Your favor of 4th inst has arrived, and has been read with the greatest interest by myself & the friends to whom I have shewn it. Mr Garland’s scheme of 24 Colleges in my view is pregnant with mischief. The only way to defeat it, is to present to the house a better plan in lieu of it. My mind has been on the wing for some days, and a view of this most important subject has occurred to me, which I beg to lay before you, for your immediate consideration. If you should approve it, I must sollicit your immediate cooperation. It appears to me that the plan of location & distribution of the Colleges presented by your bill of 1817.18, is decidedly preferable to that of the bill of last winter. In that first bill you looked only to the people of Virginia, without taking any notice of the old colleges. Experience & reflection convince me that this was the wisest course that you could have adopted. It is almost impossible to weave them into any good system: & they will never consent to give up their charters. Why then should we embarrass ourselves with them? Let us let them alone, & ask them to let us alone. In departing from Wm & Mary as the pivot, we were led into errors. The arrangement then proposed left the southwest & the southeast too naked, and gave the valley too much: it also threw the colleges into the towns, instead of the country. As the funds were to come out of the old college, we were fettered in the system for the whole state. Looking now to the Literary fund as the source of our means can we not consistently revert to your first arrangement? I think we can. The College party will not wait for Wm & Mary to come again: they will act & drive the country into action; and we must provide the means with as small a draft as possible on our funds, with a view both to the University & the elementary schools. We must adapt our means too to the prevailing opinions respecting the Literary Fund which are opposed to the expenditure of the capital. The question draws near to us, and we are expected to present a plan for the consideration & support of our friends. Probably there is yet time for me to hear from you, before the decision will be called for. I propose that we should unite in support of your first bill of 1817.18, with this alteration—that the local districts shall be required to contribute the necessary lands & buildings, as a condition of the public contribution, & that the latter should be an annual sum out of the surplus revenue of the Literary Fund, & limited to the support of Professors, of whom there should be eventually at least two— one of languages; the other of philosophy. The details of the bill should be altered so as to suit this outline. A salary of $500, each, is universally admitted to be adequate to the object. The compleat establishment of the 9 colleges, would cost the state $9000—only. The institutions might however commence with only one salary—viz $4500, in the whole—or even with a smaller amount. I am perfectly convinced that the requisite lands & buildings would be contributed by the local population in every instance. We would only have to prescribe some reasonable limit to the discretion of the commissioners in departing from the exact central situations. The competition that would arise between the two or three central counties, would ensure success. By this process we should double our funds, without oppressing any one. We might now commence the whole system, & give 25 or 32,000, to the University. The estimated surplus for the ensuing year, is $6000: and the fund is fast encreasing. What a scene of glorious enterprize would not this exhibit? The country gentlemen to whom I have mentioned it, seem greatly pleased with it, and think there is no inherent difficulty. There will be great opposition, & probably we cannot carry it now: but in many points of view the effort would in my opinion be prudent. I regret that the metropolis should be omitted in the scheme of distribution. But is it not better for the metropolis, looking as she does to the future acquisition of Wm & Mary? We at least should leave an open field of competition for the old & new metropolis, & the country colleges. Were Richmond to share in the present distribution, she could not calculate on any but a rateable part of Wm & Mary hereafter. As the Lit: fund will be competent to endow the Colleges, without any aid from the funds of Wm & Mary, what with the influence of the metropolis, & the difficulties about the charter, perhaps she might succeed. I have ventured to suggest these views to some of my City friends, without however committing myself, to any change of vote or opinion as to the College question:— some would prefer a small present certainty to a future great uncertainty. Some wish to keep the whole subject back for another session, & then to push the College question foremost. We have only one plain object—the good of the whole by the shortest possible route: and we owe it to ourselves & the country to suggest the most perfect plan, and only to submit to compromize when it becomes unavoidable. The influence of this town is prodigious—I would prefer to conciliate it, if possible, but if it be necessary we must have its opposition. —If you should approve these views—I would be extremely thankful to you, if you would change your first bill in the manner proposed, and send me the new bill with as little delay as possible. Least you may not have a copy at hand, I send you a copy of my pamphlet, in which you will find both the bills. Any provisions in the last bill, or which further reflection may suggest to you as, coming under the class of improvements on the original, would be acceptable, provided they should leave the outline proposed. If you should disapprove the scheme, you will be good enough to inform me to that effect.—The state of things at the University is enough to awaken the renewed patronage of the Legislature: but the sources of hostility to the institution are not to be dried up by success. On the contrary, success inflames the opposition of certain classes. The march of the system of public instruction is hateful to your enemies.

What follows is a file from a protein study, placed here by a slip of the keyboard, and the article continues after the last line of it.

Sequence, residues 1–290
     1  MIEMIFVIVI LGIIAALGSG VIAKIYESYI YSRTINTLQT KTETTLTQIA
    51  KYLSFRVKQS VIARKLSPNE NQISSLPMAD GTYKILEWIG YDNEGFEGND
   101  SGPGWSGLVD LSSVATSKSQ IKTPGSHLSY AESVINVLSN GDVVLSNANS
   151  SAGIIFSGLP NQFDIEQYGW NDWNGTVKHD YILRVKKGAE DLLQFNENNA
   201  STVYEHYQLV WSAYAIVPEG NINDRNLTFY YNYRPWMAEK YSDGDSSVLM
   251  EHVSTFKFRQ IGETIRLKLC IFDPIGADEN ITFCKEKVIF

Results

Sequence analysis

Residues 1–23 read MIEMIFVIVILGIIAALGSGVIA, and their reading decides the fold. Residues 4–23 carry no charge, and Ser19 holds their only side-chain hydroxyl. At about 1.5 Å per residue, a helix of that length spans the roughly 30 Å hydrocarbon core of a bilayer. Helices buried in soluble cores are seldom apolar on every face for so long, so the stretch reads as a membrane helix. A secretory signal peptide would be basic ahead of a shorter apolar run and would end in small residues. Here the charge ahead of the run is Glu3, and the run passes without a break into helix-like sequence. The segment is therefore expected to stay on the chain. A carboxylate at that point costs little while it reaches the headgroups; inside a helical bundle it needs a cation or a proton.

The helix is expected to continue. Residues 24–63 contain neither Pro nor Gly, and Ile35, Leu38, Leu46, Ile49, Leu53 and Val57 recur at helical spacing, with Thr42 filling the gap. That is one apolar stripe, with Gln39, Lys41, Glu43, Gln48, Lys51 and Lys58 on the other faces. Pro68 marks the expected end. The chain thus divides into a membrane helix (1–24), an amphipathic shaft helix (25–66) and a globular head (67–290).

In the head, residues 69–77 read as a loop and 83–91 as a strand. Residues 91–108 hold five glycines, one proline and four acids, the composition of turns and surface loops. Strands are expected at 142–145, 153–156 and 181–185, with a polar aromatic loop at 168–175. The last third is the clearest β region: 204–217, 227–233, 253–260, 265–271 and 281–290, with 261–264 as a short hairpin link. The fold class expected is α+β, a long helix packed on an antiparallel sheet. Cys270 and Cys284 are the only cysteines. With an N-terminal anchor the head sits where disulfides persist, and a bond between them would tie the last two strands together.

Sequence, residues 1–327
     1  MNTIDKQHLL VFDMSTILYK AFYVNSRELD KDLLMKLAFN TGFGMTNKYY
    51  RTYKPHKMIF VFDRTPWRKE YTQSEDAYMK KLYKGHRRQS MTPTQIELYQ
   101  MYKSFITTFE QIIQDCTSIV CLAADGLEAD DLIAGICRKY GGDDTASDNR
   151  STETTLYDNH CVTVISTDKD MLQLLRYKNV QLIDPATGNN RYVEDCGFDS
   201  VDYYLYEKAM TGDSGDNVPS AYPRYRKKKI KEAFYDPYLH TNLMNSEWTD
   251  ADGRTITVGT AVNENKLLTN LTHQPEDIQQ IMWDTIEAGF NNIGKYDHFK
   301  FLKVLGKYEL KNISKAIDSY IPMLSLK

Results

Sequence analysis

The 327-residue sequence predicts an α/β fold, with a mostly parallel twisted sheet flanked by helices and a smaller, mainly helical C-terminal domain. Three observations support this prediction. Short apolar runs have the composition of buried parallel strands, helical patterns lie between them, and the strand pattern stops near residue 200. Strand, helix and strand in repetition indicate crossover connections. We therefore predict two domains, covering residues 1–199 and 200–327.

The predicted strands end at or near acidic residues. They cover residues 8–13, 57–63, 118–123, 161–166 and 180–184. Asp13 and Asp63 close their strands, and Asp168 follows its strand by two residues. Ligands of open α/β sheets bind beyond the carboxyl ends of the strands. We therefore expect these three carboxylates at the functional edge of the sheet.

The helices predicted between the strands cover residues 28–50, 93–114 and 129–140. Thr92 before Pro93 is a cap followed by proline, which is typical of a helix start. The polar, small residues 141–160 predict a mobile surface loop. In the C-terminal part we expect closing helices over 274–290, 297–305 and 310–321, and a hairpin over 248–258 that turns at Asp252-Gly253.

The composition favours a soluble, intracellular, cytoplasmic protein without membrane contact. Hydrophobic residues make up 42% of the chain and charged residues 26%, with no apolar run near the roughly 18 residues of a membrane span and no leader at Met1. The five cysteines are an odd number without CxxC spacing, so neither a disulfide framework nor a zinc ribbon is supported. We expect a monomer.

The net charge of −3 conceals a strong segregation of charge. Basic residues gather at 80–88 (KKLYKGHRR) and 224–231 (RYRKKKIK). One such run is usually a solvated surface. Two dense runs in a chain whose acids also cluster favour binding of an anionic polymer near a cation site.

Mr Loyall made a motion on the subject of your Lottery Bill to-day. It was laid on the table by a vote of 95 to 94. This vote is not at all indicative of the sense of the house on the main question. I have no doubt the Bill will pass.

I am, dear Sir, most sincerely yours

Jos: C: Cabell